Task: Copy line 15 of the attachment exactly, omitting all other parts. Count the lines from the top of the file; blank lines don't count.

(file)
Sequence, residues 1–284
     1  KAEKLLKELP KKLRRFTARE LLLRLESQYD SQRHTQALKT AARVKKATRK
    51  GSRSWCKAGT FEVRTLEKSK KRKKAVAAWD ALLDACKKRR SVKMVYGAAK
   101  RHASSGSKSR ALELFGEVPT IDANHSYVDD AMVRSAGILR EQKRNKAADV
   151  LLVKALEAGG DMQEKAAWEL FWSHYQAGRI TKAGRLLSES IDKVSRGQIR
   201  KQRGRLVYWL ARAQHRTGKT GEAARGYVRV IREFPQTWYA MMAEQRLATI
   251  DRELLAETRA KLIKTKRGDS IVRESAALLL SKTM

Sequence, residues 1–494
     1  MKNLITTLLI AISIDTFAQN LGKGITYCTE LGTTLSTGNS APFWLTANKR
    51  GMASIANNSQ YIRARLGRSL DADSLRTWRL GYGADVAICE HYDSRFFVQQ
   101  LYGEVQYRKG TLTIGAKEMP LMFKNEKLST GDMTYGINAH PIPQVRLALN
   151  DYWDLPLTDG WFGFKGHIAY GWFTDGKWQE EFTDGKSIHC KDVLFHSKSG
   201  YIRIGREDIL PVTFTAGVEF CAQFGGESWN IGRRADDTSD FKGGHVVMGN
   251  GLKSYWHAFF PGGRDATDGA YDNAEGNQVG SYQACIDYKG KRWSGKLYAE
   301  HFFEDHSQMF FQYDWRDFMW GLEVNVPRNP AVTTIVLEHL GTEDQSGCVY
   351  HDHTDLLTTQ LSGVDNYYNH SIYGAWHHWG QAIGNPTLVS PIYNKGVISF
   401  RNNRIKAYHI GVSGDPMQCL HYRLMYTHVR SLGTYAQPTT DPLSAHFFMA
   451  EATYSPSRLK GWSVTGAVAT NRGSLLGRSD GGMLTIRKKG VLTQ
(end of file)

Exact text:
   301  HFFEDHSQMF FQYDWRDFMW GLEVNVPRNP AVTTIVLEHL GTEDQSGCVY